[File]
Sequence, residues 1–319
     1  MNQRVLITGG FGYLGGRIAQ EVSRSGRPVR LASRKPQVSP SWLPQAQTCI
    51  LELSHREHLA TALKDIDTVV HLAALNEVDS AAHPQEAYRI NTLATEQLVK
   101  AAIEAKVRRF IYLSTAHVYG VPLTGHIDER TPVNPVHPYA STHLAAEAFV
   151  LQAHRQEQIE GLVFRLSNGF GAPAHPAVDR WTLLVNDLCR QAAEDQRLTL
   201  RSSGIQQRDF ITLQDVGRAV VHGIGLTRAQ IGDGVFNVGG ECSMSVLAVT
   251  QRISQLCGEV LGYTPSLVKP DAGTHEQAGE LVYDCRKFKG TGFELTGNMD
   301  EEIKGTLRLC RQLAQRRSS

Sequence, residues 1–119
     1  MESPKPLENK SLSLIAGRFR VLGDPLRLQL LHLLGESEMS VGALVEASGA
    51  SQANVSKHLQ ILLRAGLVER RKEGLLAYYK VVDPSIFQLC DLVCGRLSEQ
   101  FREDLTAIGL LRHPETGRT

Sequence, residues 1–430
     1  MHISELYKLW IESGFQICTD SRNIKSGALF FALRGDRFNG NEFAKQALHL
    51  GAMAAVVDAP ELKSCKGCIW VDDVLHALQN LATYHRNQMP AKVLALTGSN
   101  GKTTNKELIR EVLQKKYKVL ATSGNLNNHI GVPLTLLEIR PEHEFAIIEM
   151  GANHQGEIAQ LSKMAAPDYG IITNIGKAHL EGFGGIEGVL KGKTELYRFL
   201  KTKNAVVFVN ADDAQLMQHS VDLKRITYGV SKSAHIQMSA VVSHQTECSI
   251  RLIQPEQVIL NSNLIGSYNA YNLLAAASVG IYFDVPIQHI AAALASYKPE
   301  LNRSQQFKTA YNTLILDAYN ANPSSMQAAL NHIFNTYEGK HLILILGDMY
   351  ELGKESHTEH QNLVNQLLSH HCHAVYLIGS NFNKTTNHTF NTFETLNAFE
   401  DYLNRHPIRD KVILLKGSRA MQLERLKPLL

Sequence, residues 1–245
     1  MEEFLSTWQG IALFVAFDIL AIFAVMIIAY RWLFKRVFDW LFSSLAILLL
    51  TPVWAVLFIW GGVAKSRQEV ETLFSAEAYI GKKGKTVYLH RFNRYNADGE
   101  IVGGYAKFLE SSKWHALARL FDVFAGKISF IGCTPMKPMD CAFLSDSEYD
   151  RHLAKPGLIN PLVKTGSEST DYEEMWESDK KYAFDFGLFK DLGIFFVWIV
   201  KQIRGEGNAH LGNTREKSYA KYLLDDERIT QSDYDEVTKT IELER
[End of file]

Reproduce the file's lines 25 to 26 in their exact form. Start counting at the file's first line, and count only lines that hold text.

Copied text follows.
    51  TPVWAVLFIW GGVAKSRQEV ETLFSAEAYI GKKGKTVYLH RFNRYNADGE
   101  IVGGYAKFLE SSKWHALARL FDVFAGKISF IGCTPMKPMD CAFLSDSEYD